Electrically switchable qubit can tune between storage and fast calculation modes


A nanowire made of germanium and silicon (blue/green) lies on electrodes known as gates (gold). Voltages applied to the gates lead to the formation of individual spin qubits (blue and red arrows) that can be manipulated by microwave signals (blue pulse). In one mode, the qubit is slow and the quantum information is more stable (blue spin). In the other, the qubit can be changed more quickly (red spin). @ University of Basel, Department of Physics

re to keep the sensitive qubits stable over a prolonged period of time, while at the same time finding ways to perform rapid quantum operations. Now, physicists from the University of Basel and TU Eindhoven have developed a switchable qubit that should allow quantum computers to do both.


The new type of qubit has a stable but slow state that is suitable for storing quantum information. However, the researchers were also able to switch the qubit into a much faster but less stable manipulation mode by applying an electrical voltage. In this state, the qubits can be used to process information quickly.


Selective coupling of individual spins


In their experiment, the researchers created the qubits in the form of "hole spins". These are formed when an electron is deliberately removed from a semiconductor, and the resulting hole has a spin that can adopt two states, up and down - analogous to the values 0 and 1 in classical bits. In the new type of qubit, these spins can be selectively coupled - via a photon, for example - to other spins by tuning their resonant frequencies.


This capability is vital, since the construction of a powerful quantum computer requires the ability to selectively control and interconnect many individual qubits. Scalability is particularly necessary to reduce the error rate in quantum calculations.


Ultrafast spin manipulation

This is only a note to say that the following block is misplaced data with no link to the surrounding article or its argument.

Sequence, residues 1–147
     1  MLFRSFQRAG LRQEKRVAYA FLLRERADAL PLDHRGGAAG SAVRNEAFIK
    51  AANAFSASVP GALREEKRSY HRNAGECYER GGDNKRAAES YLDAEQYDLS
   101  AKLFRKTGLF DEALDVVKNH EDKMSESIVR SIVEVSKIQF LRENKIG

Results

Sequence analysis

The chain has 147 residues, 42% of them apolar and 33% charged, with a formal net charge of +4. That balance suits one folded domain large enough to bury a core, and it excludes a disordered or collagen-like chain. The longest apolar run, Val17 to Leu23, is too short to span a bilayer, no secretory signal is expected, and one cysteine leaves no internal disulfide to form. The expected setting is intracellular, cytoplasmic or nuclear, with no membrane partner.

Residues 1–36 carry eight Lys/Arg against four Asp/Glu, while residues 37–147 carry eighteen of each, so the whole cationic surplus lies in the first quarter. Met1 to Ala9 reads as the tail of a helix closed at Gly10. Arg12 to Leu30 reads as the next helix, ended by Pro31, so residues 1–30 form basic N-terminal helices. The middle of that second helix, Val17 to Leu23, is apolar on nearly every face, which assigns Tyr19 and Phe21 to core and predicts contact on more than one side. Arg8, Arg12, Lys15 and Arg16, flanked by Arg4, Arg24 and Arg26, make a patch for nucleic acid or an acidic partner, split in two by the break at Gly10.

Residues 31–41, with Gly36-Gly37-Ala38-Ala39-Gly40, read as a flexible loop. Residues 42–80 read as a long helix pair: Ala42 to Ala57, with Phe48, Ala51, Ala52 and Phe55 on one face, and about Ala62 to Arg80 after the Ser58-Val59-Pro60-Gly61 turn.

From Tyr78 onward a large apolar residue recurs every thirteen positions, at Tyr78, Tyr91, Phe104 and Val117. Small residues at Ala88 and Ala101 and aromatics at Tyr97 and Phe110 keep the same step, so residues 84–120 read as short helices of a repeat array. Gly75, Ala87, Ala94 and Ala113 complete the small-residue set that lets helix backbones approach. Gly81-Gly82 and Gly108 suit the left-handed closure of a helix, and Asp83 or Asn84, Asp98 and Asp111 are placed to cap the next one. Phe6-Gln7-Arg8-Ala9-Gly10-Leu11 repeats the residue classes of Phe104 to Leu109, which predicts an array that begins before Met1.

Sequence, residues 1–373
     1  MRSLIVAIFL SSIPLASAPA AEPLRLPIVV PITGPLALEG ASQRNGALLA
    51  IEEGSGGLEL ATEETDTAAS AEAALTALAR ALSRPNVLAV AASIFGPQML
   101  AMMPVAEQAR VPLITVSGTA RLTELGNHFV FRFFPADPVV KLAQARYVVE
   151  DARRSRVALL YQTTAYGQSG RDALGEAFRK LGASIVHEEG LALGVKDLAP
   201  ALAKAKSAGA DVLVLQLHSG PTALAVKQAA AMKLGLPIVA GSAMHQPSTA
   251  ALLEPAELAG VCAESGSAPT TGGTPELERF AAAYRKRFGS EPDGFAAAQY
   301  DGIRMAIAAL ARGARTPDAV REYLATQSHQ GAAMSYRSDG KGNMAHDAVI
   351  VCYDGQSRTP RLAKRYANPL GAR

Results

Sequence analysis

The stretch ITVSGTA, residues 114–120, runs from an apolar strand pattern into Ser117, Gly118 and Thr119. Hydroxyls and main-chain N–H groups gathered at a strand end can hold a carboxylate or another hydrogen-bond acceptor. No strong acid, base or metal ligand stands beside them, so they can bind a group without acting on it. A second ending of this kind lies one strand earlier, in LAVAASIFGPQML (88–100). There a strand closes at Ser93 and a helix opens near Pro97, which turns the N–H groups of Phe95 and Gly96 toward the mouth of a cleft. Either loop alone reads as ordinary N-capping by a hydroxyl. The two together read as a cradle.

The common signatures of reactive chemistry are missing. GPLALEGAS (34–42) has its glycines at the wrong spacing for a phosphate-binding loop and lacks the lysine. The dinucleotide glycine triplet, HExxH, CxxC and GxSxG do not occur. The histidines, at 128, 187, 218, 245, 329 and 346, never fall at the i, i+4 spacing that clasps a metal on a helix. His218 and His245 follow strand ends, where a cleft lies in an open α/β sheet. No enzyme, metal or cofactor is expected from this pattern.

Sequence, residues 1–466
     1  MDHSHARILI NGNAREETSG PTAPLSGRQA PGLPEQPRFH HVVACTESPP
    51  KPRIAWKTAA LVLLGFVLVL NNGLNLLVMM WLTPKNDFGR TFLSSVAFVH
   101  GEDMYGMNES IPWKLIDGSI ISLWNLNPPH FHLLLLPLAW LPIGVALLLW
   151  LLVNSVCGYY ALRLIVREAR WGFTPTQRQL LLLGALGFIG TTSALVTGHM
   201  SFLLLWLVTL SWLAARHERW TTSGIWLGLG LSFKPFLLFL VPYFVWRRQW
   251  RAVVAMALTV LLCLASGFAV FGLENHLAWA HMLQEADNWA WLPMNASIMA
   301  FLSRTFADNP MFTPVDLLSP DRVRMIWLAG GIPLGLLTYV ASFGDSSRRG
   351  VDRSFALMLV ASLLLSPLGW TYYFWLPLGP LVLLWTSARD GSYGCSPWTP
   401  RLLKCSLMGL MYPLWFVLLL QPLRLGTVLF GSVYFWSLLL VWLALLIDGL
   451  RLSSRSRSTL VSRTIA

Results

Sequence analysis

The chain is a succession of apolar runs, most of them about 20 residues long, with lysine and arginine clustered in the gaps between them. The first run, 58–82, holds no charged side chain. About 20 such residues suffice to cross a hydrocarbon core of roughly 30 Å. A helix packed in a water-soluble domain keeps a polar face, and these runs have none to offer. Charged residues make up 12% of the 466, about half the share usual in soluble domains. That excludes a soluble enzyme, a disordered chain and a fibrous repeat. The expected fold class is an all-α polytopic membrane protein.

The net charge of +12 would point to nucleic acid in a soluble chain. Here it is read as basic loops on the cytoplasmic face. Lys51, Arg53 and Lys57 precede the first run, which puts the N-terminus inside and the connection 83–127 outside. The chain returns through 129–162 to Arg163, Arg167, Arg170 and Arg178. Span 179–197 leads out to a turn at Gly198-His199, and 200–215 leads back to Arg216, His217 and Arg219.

The researchers were also able to use the electrical switch to manipulate the spin qubits at record speed. "The spin can be coherently flipped from up to down in as little as a nanosecond," says project leader Professor Dominik Zumbühl from the Department of Physics at the University of Basel. "That would allow up to a billion switches per second. Spin qubit technology is therefore already approaching the clock speeds of today's conventional computers."


For their experiments, the researchers used a semiconductor nanowire made of silicon and germanium. Produced at TU Eindhoven, the wire has a tiny diameter of about 20 nanometers. As the qubit is therefore also extremely small, it should in principle be possible to incorporate millions or even billions of these qubits onto a chip.


Reference

Ultrafast hole spin qubit with gate-tunable spin–orbit switch functionality

Florian N. M. Froning, Leon C. Camenzind, Orson A. H. van der Molen, Ang Li, Erik P. A. M. Bakkers, Dominik M. Zumbühl & Floris R. Braakman

Nature Nanotechnology (2021)

https://www.nature.com/articles/s41565-020-00828-6


Contact

Prof. Dr. Dominik Zumbühl

Philosophisch-Naturwissenschaftliche Fakultät

Departement Physik

FG Zumbühl

+41 61 207 36 93

dominik.zumbuhl@unibas.ch

 

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